White House takes heat for "under-reported" terror claims

A 78-item list includes many extensively covered events - including attacks in Paris, Orlando and Berlin

White House takes heat for "under-reported" terror claims

Picture by Pablo Martinez Monsivais AP/Press Association Images

Journalists in the US have criticised the White House for distributing a list of terrorist attacks the Trump administration believes were 'under-reported".

The 78-item list includes many attacks and incidents that were extensively reported on - including the Paris attacks in November 2015, the Florida nightclub shooting in June 2016, and the Berlin truck attack late last year.

The list predominantly focuses on attacks and attempted attacks by Islamist extremists with suspected links to Islamic State. The incidents range from raids & thwarted attacks to widely-known attacks that left dozens dead.

The release of the document followed remarks by President Trump at a gathering of military personnel yesterday.

He told the crowd in Tampa, Florida: "ISIS is on a campaign of genocide, committing atrocities across the world. Radical Islamic terrorists are determined to strike our homeland as they did on 9/11; as they did from Boston to Orlando, to San Bernardino. And all across Europe, you've seen what happened in Paris and Nice.  

"All over Europe it's happening. It's gotten to a point where it's not even being reported and, in many cases, the very, very dishonest press doesn't want to report it. They have their reasons and you understand that."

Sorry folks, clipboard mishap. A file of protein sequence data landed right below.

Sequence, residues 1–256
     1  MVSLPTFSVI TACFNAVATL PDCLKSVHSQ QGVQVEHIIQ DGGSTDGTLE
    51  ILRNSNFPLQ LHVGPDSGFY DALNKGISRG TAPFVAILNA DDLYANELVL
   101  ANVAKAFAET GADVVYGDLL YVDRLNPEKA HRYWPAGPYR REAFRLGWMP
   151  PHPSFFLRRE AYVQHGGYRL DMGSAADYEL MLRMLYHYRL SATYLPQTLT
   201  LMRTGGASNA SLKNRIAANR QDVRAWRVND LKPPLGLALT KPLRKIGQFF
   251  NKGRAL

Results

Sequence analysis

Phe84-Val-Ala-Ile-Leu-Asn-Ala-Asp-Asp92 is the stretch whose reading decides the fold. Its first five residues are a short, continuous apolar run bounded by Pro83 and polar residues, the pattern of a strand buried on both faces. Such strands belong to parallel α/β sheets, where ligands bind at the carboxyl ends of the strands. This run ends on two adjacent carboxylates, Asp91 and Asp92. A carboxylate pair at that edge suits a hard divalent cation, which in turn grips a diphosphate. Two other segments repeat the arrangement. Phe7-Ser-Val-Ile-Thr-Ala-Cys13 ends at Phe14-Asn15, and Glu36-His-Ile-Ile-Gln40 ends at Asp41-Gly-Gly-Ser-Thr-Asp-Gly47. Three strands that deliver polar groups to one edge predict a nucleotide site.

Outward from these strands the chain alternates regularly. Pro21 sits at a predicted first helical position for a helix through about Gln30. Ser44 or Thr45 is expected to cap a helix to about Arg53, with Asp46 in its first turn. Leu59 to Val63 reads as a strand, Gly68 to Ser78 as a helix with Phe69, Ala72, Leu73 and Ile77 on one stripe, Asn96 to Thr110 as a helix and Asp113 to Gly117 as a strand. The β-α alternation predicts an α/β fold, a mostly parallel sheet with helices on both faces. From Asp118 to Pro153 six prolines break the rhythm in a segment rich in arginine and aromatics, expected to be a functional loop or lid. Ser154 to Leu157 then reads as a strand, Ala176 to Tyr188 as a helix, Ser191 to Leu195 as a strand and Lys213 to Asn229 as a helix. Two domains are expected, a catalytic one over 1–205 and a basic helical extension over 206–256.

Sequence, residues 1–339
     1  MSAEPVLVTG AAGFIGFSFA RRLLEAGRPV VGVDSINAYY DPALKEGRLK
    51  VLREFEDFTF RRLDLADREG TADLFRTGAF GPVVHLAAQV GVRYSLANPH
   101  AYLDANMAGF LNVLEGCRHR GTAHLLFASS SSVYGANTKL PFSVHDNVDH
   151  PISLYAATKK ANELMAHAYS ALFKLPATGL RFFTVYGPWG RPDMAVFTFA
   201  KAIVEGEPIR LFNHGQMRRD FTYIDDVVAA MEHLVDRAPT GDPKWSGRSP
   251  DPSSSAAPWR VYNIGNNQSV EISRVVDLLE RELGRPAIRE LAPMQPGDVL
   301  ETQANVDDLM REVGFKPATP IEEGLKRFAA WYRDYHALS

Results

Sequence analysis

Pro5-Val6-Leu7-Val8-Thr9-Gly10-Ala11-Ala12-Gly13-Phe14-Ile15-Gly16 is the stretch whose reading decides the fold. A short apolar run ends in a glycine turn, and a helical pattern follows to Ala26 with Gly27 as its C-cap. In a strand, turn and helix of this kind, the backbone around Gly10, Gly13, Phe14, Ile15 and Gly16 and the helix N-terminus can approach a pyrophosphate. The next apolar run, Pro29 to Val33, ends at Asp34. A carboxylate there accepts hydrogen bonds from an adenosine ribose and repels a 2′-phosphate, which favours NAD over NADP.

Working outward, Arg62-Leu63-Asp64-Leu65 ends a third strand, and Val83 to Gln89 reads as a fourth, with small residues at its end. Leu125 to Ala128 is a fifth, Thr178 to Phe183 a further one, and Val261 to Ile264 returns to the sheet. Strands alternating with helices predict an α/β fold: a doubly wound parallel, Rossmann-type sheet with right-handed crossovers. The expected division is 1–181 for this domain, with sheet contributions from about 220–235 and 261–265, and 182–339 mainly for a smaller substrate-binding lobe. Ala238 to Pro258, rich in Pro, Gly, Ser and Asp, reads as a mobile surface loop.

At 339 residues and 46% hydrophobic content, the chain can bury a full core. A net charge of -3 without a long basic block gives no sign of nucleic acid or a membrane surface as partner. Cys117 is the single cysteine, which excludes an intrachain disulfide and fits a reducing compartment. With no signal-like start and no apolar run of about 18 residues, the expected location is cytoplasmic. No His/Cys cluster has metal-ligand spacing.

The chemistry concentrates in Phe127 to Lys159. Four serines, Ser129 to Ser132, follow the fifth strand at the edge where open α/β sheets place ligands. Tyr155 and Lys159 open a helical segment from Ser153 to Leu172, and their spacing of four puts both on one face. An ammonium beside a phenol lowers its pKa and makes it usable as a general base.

The White House Press Secretary Sean Spicer later told reporters: "[President Trump] felt as though members of the media don't always cover some of those events to the extent that other events might get covered; that a protest will get blown out of the water, and yet an attack or a foiled attack doesn't necessarily get the same coverage."

He did not expand on the 'reasons' mentioned by President Trump.

Journalists, however, were quick to point out that many of the attacks mentioned on the White House list received in-depth coverage across the US and international media.

BBC, meanwhile, put together a list of how it covered all the different attacks & attempted attacks - although noted there was some uncertainty over which incidents some of the entries on the White House list referred to.

"Some terrorist incidents do get more coverage than others, a point hotly debated on social media," the BBC adds.

Meanwhile, the mother of a British backpacker who was stabbed to death in Australia has hit out at the White House for classifying her daughter's death as a "terror attack".

Mia Ayliffe-Chung, 21, and fellow Briton Thomas Jackson died at a Queensland hostel in August, following an attack which police said was not terror-related.

In an open letter, Rose Ayliffe wrote: “My daughter’s death will not be used to further this insane persecution of innocent people.

"The circumstances of Mia and Tom’s deaths prove that those with the strength of character to travel the world and learn about other cultures should be cherished as brave, resilient characters who have so much to offer if they are nurtured and given opportunities rather than defeated by adverse circumstances."

Additional reporting by IRN